Another highlight of the conference was delivered by Dr. Tran Viet Dzung. Newspapers, television and magazines all over the country have blared the news about rising obesity levels in Western countries, leading publications such as even the venerated Journal of the American Medical Association to chime in. It was therefore quite timely that Dr. Tran returned to the conference this year, with highly topical information on the treatment of obesity.

With his usual insight, Dr. Tran took a current health topic and brought the wisdom of ancient texts to bear with knowledge and understanding of the condition from its etiologies to effective treatments. Dr. Tran has spent the past 30 years translating an entire collection of 2,000-year old texts, rising at 5 a.m. each morning to continue his work, and is still in the process of finishing the translation. His eloquent teaching style brought Western scientific knowledge and the insights of the ancient texts together into one cogent understanding of the human body and how to best interact for the body's benefit.

Attendees learned of the basic etiologies and physiopathologies that lead to obesity from both Western and energetic perspectives. Always a welcome and enlightening speaker, Dr. Tran demonstrated how each system describes and supports the other. From there, he delineated the treatment strategies for each etiology. Dr. Tran's ability to offer detailed descriptions of the internal channel pathways and functions gave participants a deeper understanding of the digestive system, and revealed some of the most effective treatment strategies. We look forward to delving deeper into this medicine when Dr. Tran return's for the next Alliance conference in Rhode Island.

In addition to the individual seminars such as those delivered by Dr. Tran, several national organizations held regularly scheduled administrative meetings at the AOM Alliance conference. Among the groups meeting this year were the Council of Colleges of Acupuncture and Oriental Medicine (CCAOM), the Accreditation Commission for Acupuncture and Oriental Medicine (ACAOM), the National Certification Commission for Acupuncture and Oriental Medicine (NCCAOM), the National Acupuncture Foundation (NAF), and the Federation of AOM Regulatory Agencies (FAOMRA). The presence of leaders of these national organizations enabled participants just beginning their careers and seasoned practitioners alike to mingle and exchange views, concerns, and information. A number of these meetings were open to the public to encourage participation by conference attendees.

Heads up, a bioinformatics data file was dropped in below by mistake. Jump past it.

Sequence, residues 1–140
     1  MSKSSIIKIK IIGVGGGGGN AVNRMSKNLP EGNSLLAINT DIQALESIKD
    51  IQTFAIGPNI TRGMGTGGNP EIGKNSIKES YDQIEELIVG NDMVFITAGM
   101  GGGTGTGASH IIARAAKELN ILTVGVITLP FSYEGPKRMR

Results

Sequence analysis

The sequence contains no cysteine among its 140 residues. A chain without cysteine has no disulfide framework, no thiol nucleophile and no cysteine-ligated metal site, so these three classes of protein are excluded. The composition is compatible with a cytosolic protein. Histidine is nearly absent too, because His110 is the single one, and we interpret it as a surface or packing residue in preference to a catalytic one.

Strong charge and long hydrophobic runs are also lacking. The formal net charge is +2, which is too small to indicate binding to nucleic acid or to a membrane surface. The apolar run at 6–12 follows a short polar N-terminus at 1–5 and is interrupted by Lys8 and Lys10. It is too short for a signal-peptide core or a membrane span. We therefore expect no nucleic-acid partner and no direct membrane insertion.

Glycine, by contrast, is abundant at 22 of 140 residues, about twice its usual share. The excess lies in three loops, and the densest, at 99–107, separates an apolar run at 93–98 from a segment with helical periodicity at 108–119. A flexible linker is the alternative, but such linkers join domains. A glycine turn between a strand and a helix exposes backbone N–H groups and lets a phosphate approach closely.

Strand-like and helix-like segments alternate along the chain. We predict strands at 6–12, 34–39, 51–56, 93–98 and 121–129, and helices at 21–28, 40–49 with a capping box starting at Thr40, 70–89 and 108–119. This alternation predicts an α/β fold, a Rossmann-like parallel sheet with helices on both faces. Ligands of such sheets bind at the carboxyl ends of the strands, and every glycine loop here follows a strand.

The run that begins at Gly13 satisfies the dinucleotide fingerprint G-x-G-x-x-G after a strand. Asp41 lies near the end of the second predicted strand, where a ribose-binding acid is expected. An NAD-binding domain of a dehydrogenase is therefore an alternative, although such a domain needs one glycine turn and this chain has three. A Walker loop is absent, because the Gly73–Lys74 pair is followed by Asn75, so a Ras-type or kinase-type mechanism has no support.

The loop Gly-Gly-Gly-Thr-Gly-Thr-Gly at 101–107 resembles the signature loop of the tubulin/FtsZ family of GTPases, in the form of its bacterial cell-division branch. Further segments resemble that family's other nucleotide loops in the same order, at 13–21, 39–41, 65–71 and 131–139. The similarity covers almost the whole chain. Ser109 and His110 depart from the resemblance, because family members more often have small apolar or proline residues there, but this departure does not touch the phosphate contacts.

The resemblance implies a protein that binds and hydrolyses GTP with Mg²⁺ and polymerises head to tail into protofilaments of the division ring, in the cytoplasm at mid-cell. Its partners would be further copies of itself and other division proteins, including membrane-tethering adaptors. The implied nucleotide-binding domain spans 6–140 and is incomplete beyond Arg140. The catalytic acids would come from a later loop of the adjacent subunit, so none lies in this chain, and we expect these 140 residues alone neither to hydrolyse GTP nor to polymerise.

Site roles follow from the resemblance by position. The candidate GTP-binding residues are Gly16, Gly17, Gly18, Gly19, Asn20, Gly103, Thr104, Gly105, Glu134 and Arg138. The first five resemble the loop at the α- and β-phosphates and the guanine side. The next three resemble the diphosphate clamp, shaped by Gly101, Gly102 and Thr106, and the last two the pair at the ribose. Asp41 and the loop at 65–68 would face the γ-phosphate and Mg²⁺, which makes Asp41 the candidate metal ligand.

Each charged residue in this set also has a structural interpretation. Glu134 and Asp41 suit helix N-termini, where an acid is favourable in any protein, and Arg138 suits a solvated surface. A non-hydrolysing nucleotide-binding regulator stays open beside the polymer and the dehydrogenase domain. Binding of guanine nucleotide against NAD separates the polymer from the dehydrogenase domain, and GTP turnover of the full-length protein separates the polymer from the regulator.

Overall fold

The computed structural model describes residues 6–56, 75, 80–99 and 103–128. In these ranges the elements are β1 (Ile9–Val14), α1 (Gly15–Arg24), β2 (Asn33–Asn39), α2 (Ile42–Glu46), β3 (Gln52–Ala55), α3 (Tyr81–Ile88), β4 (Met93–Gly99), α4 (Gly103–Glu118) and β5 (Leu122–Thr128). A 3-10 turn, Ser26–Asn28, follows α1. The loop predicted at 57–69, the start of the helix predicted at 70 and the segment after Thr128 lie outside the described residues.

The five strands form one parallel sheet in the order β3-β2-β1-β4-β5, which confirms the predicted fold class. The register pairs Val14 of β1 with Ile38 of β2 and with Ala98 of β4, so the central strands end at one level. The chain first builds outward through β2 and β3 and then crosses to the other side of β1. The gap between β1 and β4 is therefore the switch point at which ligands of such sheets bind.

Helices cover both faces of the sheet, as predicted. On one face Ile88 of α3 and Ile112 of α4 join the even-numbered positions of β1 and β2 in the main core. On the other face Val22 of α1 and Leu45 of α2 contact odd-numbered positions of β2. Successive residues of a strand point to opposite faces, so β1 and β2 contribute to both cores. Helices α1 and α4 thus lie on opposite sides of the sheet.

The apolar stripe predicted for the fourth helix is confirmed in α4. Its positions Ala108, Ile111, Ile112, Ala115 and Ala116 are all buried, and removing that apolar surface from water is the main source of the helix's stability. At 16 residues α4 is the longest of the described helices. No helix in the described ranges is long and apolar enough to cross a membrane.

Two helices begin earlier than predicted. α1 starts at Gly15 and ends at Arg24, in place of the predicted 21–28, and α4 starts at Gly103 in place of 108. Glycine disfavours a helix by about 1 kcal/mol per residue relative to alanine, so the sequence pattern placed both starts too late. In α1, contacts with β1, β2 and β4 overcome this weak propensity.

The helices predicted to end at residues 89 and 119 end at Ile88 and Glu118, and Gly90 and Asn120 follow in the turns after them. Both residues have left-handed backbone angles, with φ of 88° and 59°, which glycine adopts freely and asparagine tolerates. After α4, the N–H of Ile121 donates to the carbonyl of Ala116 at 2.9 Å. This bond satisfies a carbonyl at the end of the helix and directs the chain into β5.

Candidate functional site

The measure of any conference cannot rest solely on the events placed on its calendar. This conference, with its congenial location and diverse mix of participants, will remain in the memory of the attendees because of the many impromptu encounters, quiet networking meals and lively social gatherings. Outstanding seminars and workshops, an exceptional exhibit hall, and a memorable location provided the perfect backdrop for networking, sharing of information and ideas, and creative fervor, which are the most important elements of any gathering.

Rachel Toomim has been practicing acupuncture for more than 18 years. She educates health care and criminal justice professionals in the use of acupuncture, and serves as a board member for the National Acupuncture Detoxification Association and the AAAOM.